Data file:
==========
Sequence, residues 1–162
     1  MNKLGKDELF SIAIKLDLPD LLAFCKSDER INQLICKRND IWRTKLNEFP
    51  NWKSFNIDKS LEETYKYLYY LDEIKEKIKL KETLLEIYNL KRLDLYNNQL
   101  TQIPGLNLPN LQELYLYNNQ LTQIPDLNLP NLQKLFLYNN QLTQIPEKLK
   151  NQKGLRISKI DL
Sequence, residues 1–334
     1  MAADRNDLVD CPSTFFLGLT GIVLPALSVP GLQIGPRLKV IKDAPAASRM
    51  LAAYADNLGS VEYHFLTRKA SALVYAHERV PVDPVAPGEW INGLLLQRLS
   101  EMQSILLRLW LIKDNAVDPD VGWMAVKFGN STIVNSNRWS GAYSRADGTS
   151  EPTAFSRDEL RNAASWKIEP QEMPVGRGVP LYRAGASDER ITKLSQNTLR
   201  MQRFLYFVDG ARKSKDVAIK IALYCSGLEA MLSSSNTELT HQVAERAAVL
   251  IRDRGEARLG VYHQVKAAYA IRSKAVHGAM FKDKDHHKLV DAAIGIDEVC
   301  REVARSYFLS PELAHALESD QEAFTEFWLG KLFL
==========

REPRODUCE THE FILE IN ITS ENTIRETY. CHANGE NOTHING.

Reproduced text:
Sequence, residues 1–162
     1  MNKLGKDELF SIAIKLDLPD LLAFCKSDER INQLICKRND IWRTKLNEFP
    51  NWKSFNIDKS LEETYKYLYY LDEIKEKIKL KETLLEIYNL KRLDLYNNQL
   101  TQIPGLNLPN LQELYLYNNQ LTQIPDLNLP NLQKLFLYNN QLTQIPEKLK
   151  NQKGLRISKI DL
Sequence, residues 1–334
     1  MAADRNDLVD CPSTFFLGLT GIVLPALSVP GLQIGPRLKV IKDAPAASRM
    51  LAAYADNLGS VEYHFLTRKA SALVYAHERV PVDPVAPGEW INGLLLQRLS
   101  EMQSILLRLW LIKDNAVDPD VGWMAVKFGN STIVNSNRWS GAYSRADGTS
   151  EPTAFSRDEL RNAASWKIEP QEMPVGRGVP LYRAGASDER ITKLSQNTLR
   201  MQRFLYFVDG ARKSKDVAIK IALYCSGLEA MLSSSNTELT HQVAERAAVL
   251  IRDRGEARLG VYHQVKAAYA IRSKAVHGAM FKDKDHHKLV DAAIGIDEVC
   301  REVARSYFLS PELAHALESD QEAFTEFWLG KLFL